One of my hopes on publishing The Day Parliament Burned Down was that new information which I had been unable to track down in my research would come to light when readers and audiences got to hear about the fire. The most obvious one was to find out what ultimately happened to Chance the dog, but I also wondered if people might come forward with more eye-witness accounts I hadn’t found or maybe more pictures I hadn’t seen.
And I’m thrilled to say that three months in, this is starting to happen. I was delighted when someone approached me after a talk and told me about a box they had recently purchased from an antiques dealer, purporting to be a relic of the old Palace. I discuss the wooden boxes made from the charred timbers of St Stephen’s and the lead medals cast from its melted roof in the penultimate chapter of my book. I had never found any pictures of these items so until now had to imagine what they looked like. No longer. The owner very kindly allowed me to take some photos of their souvenir, which is a small round snuffbox inlaid with an ivory label.
It reads: ‘This box was part of the Painted Chamber Destroyed by Fire Octr 16 1834′. Altogether this is a rather superior version.
As if this wasn’t exciting enough, it turned out that this was one of three boxes for sale from the dealer, so I got in touch to see if the others had been sold. Sadly they had (would have made a nice Christmas present for me!), but there was still a record of them on dealer’s website.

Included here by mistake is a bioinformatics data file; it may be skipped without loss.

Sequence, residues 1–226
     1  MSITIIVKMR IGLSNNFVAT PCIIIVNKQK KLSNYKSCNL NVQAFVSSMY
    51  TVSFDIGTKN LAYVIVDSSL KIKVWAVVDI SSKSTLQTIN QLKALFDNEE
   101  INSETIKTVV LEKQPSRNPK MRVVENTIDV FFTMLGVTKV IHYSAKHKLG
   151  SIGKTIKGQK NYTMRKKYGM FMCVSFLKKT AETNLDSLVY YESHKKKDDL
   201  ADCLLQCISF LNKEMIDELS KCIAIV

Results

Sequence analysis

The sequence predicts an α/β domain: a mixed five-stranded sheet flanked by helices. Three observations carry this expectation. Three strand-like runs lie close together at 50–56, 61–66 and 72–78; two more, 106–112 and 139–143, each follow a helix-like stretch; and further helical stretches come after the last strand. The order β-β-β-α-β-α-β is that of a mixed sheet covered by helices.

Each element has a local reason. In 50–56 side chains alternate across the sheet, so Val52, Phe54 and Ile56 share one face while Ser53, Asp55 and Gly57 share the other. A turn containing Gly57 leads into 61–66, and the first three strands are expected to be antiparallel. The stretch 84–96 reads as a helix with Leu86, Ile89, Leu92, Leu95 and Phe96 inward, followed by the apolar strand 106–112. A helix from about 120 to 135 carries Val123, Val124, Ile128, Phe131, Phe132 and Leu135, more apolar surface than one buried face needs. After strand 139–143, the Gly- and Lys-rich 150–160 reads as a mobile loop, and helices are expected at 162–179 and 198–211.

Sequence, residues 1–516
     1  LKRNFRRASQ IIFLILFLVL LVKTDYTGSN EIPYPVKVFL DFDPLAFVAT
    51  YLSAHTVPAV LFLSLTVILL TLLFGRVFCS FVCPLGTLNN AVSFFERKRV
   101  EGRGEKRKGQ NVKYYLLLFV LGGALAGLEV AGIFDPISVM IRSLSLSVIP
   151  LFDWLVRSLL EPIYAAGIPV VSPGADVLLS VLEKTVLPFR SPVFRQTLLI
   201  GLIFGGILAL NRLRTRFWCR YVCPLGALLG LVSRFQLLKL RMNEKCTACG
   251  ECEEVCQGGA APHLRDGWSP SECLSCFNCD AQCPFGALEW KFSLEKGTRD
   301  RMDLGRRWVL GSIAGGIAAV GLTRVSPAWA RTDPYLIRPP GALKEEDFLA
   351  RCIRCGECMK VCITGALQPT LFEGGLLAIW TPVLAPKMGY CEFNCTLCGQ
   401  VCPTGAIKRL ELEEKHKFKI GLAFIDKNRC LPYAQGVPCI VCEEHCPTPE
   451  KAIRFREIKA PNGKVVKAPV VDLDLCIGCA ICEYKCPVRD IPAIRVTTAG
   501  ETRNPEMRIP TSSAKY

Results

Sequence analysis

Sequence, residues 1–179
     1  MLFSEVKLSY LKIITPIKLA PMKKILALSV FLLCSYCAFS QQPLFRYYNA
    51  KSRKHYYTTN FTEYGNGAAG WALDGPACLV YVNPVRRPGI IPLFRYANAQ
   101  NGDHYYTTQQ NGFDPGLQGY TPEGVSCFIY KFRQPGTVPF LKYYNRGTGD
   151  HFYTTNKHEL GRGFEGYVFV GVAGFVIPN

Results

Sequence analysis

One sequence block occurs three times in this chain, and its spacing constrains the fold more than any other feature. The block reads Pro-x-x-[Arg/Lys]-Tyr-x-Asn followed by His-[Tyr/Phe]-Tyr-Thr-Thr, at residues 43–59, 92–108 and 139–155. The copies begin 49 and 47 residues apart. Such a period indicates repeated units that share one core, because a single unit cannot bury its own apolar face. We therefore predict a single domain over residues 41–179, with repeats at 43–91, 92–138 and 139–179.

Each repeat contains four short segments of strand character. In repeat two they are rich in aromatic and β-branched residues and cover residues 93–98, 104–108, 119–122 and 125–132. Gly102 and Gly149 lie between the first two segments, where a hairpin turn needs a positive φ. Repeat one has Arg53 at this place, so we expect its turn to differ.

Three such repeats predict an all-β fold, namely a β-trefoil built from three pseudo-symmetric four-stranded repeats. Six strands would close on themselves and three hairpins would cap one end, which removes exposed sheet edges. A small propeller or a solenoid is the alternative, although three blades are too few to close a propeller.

The second box (below) was made of oak, with a silver label, nicely engraved with the words ‘This box was part of the roof of the House of Commons destroyd by fire October 16th 1834′.
And the third box, again from the Painted Chamber (below), was a more modest affair, oak again but this time with die-stamped lead label. It corresponds most closely with the souvenirs I describe in the book – cheap and cheerful, and presumably produced en masse to meet popular demand. It reads: ‘Made from wood forming part of the Painted Chamber House of Lords 1065′.
‘1065’ could, I suppose, be a misattribution of the date of the building of the Painted Chamber which was in fact thirteenth-century, but it is more likely surely that this is a serial number of the box, such were the quantities being turned out in the weeks and months following the fire.
I’d like to thank the owner of the original box for showing this fascinating relic to me and enabling me to share this with you. I am always very happy to hear of more…!